Japan Geoscience Union Meeting 2015

Presentation information


Symbol M (Multidisciplinary and Interdisciplinary) » M-IS Intersection

[M-IS34] Paleoclimatology and paleoceanography

Wed. May 27, 2015 4:15 PM - 6:00 PM 301A (3F)

Convener:*Kazuyoshi Yamada(Museum of Natural and Environmental history, Shizuoka), Minoru Ikehara(Center for Advanced Marine Core Research, Kochi University), Tomohisa Irino(Faculty of Environmental Earth Science, Hokkaido University), Akira Oka(Atmosphere and Ocean Research Institute, The University of Tokyo), Yusuke Okazaki(Department of Earth and Planetary Sciences, Graduate School of Science, Kyushu University), Ikuko Kitaba(Research Centre for Palaleoclimatology, Ritsumeikan University), Akihisa Kitamura(Institute of Geosciences, Faculty of Science, Shizuoka University), Masaki Sano(Research Institute for Humanity and Nature), Takeshi Nakagawa(Ritsumeikan University), Akira Hayashida(Department of Environmental Systems Science, Doshisha University), Chair:Yusuke Okazaki(Department of Earth and Planetary Sciences, Graduate School of Science, Kyushu University)

5:33 PM - 5:36 PM

[MIS34-P15] Oxygen isotopic records of stalagmite OT02 collected Gujo City, Gifu Prefecture

3-min talk in an oral session

*Akihiro KANO1, Taiki MORI1, Tomomi SONE2, Chuan-chou SHEN3, Kanji KASHIWAGI4 (1.Kyushu University, 2.Marine Works Japan, 3.National Taiwan University, 4.Toyama University)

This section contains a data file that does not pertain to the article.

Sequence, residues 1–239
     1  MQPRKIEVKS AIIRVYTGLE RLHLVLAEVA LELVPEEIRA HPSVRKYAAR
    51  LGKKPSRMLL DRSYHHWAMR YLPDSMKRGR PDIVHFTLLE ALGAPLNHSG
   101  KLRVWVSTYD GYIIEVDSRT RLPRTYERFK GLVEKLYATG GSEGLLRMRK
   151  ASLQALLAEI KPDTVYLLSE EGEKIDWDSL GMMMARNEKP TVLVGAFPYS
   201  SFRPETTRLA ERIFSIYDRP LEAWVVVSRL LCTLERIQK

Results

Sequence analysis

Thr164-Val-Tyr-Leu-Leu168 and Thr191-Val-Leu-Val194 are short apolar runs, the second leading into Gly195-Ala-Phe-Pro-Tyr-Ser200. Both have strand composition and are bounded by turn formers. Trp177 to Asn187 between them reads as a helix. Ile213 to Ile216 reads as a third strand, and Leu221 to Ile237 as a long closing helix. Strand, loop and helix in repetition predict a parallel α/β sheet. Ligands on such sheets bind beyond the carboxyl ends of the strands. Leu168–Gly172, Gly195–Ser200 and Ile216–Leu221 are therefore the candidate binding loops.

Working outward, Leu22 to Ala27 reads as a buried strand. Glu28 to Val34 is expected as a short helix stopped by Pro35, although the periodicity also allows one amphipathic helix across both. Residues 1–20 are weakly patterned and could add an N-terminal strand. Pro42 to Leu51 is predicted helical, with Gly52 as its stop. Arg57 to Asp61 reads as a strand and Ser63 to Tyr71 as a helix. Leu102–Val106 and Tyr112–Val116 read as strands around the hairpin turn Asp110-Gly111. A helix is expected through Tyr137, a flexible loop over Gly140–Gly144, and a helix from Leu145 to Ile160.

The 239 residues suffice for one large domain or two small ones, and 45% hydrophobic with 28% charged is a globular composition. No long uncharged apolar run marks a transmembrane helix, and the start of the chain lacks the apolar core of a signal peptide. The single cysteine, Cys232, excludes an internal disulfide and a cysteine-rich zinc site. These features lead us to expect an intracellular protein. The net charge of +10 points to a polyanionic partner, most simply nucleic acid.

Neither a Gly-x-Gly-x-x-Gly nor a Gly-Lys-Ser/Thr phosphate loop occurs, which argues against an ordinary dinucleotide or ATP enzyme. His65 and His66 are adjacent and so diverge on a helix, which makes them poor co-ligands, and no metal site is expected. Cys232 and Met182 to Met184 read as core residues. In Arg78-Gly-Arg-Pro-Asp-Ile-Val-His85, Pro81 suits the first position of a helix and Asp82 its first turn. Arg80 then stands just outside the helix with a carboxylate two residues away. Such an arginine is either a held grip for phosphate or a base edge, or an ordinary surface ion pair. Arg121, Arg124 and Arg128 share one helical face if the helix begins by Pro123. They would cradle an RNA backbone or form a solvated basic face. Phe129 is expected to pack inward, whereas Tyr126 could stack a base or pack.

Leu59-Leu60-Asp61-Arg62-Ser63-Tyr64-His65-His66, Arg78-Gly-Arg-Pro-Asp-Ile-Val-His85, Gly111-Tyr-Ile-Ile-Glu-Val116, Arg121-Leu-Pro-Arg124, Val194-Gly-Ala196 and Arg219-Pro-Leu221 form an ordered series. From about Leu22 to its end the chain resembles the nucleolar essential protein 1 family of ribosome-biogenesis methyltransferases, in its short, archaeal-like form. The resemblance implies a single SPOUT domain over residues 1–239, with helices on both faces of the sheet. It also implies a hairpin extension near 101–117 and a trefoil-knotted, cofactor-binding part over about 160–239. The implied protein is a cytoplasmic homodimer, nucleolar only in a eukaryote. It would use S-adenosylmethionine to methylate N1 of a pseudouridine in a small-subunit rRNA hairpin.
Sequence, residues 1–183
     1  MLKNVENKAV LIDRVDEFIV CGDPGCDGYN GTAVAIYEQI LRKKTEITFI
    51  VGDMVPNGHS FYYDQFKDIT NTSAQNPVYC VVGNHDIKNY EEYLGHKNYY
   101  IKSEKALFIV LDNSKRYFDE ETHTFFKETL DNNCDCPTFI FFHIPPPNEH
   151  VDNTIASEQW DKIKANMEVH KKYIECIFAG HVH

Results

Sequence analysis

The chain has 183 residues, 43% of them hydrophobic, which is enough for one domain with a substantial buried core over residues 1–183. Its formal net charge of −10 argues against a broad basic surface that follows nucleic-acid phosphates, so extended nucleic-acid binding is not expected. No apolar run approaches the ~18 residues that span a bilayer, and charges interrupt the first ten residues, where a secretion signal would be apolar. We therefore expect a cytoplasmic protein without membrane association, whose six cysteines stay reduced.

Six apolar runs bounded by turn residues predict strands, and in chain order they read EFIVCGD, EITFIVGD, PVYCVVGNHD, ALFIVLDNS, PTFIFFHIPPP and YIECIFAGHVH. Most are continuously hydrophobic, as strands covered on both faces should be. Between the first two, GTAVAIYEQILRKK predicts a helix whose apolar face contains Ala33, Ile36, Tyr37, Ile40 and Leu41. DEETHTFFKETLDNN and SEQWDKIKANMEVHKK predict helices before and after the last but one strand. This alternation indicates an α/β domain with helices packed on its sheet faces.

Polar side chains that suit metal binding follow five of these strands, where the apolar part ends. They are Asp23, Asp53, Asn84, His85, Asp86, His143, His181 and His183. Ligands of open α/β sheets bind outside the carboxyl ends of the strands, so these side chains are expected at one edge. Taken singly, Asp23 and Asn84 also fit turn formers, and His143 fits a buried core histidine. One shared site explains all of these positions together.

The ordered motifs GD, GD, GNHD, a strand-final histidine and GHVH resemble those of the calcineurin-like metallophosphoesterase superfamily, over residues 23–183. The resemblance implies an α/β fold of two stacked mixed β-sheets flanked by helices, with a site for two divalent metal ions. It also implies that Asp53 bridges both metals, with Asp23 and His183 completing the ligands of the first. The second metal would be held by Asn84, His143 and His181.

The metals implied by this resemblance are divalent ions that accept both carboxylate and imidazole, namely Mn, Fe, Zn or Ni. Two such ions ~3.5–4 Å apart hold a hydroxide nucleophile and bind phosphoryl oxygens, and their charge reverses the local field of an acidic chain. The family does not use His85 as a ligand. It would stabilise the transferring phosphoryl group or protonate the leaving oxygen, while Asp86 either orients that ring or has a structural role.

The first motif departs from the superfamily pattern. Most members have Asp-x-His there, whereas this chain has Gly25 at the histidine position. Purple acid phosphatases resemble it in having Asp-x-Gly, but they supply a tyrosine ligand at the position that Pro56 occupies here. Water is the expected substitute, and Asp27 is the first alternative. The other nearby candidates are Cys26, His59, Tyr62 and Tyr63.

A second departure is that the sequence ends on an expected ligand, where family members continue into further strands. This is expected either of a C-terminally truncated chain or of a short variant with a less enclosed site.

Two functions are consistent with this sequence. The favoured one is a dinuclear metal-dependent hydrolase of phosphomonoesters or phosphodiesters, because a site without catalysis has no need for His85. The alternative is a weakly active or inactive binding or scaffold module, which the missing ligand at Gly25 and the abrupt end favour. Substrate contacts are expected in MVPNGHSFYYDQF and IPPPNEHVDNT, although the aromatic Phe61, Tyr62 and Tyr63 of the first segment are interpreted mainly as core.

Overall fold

A 13-cm-long stalagmite OT02 from Gujo City (central Gifu Prefecture) recorded climatic information of two separated periods of Marine isotopic stage 3 (MIS-3) and Holocene. Oxygen Upper and lower parts of the stalagmite differ in oxygen isotopic values; the lower MIS-3 part are 0.5-1.0 permil higher than the upper Holocene part. This difference is comparable to one that has been reported from stalagmites in south China, revealing that the Gifu stalagmite was formed under the influence from East Asian summer monsoon (case 1). However, meteoric water samples collected at a reference site (Ogaki City) clearly indicate seasonality in the oxygen isotope values. Meteoric waters in winter generally record low isotopic values, and the records of OT02 can be the change in the winter proportion of meteoric water (case 2). OT02 is unique in terms of different periodicity recorded in the oxygen isotopic composition; ~650-yr cycles in the Holocene interval and millennial-scale changes in the lower MIS-3 interval. The Holocene cycle are most likely responded to the swell of solar activity that affected to proportion of winter rainfall (case 2). In contrast, the millennial-scale changes in the lower OT02 are likely associated with Dansgaard-Oschger (D-O) events. Eight bands of low oxygen isotope during a period of 55-35 ka follow the spacing of the dark layers in deep-sea sediments from the Japan Sea. In each cycle, the stalagmite increases transparency to the upward, and suddenly becomes darker at the base of the upper cycle. Similarly, oxygen isotopic values gradually increase in each cycle and rapidly decrease at the base of the upper cycle. Although some of millennial changes in the Gifu stalagmite indicate D-O cycles cannot be seen in the Greenland ice sheet, our records suggest that the central Japan was under the influences of D-O cycles. Oxygen isotope records of the lower OT02 are consistent to case 1 interpretation rather than case 2. Assuming this, it became dry during a gradual cooling period and shifted wet with an abrupt warming.